After the outbreak of World War II, Hood saw action in a variety of theaters, including the North Sea, the chase of Scharnhorst and Gneisenau, and convoy duty. Hood was in the attack on the French fleet at the Battle of Mers el-Kébir on July 3, 1940, and then returned to the Home Fleet at Scapa Flow. On May 22, 1941, Hood (Captain R. Kerr) sailed as the flagship of Vice Admiral L. E. Holland's Battle Cruiser Force, which included HMS Prince of Wales and six destroyers, to intercept the German battleship Bismarck and heavy cruiser Prinz Eugen. The four heavy units made visual contact at 0537 on May 24, and Hood opened fire fifteen minutes later. Bismarck and Prinz Eugen scored hits on Hood and at 0600 there was a massive explosion, the ship split in two and sank four minutes later. Prince of Wales quickly broke off the engagement, and destroyers later picked up three survivors from a total complement of 1,418 men. One of the largest warships in the world, Hood was destroyed exactly one week shy of the twenty-fifth anniversary of the Battle of Jutland, the lessons of which had been so consciously applied to her design. Although a number of theories about the exact cause of her loss have been advanced, it is widely believed that plunging fire from Bismarck penetrated her weak deck armor to ignite one of her magazines.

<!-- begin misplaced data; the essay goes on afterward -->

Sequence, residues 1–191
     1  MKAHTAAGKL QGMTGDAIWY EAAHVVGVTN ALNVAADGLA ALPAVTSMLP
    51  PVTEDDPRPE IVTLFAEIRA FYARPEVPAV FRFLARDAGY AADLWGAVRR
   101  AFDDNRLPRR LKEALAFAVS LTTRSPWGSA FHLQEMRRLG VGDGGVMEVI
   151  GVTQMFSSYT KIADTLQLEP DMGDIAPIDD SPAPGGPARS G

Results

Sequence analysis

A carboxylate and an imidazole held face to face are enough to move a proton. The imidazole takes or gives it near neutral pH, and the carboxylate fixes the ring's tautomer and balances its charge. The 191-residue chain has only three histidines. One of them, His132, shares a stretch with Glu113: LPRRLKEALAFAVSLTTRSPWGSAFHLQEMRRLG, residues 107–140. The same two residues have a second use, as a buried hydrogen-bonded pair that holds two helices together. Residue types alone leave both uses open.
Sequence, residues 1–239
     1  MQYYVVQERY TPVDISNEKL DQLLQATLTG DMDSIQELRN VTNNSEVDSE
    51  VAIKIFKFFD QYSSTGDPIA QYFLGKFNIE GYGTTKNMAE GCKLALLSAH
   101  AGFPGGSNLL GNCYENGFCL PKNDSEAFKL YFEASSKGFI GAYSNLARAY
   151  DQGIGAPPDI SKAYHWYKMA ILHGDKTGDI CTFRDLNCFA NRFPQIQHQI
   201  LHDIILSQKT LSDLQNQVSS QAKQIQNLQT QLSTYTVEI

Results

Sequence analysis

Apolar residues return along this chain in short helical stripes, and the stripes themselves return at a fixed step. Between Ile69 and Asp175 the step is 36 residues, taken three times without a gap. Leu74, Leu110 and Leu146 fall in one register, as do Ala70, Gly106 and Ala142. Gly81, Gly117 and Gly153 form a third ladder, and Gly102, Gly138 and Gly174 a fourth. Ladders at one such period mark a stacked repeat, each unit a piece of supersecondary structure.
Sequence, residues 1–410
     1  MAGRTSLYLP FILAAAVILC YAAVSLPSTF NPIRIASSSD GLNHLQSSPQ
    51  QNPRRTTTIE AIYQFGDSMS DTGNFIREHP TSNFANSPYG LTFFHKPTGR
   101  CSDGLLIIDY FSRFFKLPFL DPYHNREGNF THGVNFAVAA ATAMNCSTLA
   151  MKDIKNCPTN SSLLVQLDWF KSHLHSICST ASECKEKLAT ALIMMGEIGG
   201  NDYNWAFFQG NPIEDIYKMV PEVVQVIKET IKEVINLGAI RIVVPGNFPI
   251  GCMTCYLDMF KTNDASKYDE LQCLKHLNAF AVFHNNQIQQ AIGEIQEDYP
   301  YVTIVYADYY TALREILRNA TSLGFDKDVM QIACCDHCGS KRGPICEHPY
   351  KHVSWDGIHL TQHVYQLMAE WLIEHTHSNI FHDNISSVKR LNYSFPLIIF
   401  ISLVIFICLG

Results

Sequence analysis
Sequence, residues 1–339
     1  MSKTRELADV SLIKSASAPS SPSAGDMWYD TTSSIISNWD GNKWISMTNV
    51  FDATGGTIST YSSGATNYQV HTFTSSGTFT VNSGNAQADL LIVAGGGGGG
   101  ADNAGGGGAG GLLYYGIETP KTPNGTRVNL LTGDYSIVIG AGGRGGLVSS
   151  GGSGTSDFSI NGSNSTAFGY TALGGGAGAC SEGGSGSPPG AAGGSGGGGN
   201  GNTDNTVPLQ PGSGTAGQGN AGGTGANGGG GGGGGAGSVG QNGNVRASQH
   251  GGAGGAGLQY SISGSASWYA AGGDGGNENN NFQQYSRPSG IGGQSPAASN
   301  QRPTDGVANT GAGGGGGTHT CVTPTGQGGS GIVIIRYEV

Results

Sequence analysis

Mahogany Wood. Scale: 1/350. Length 29 1/2 inches.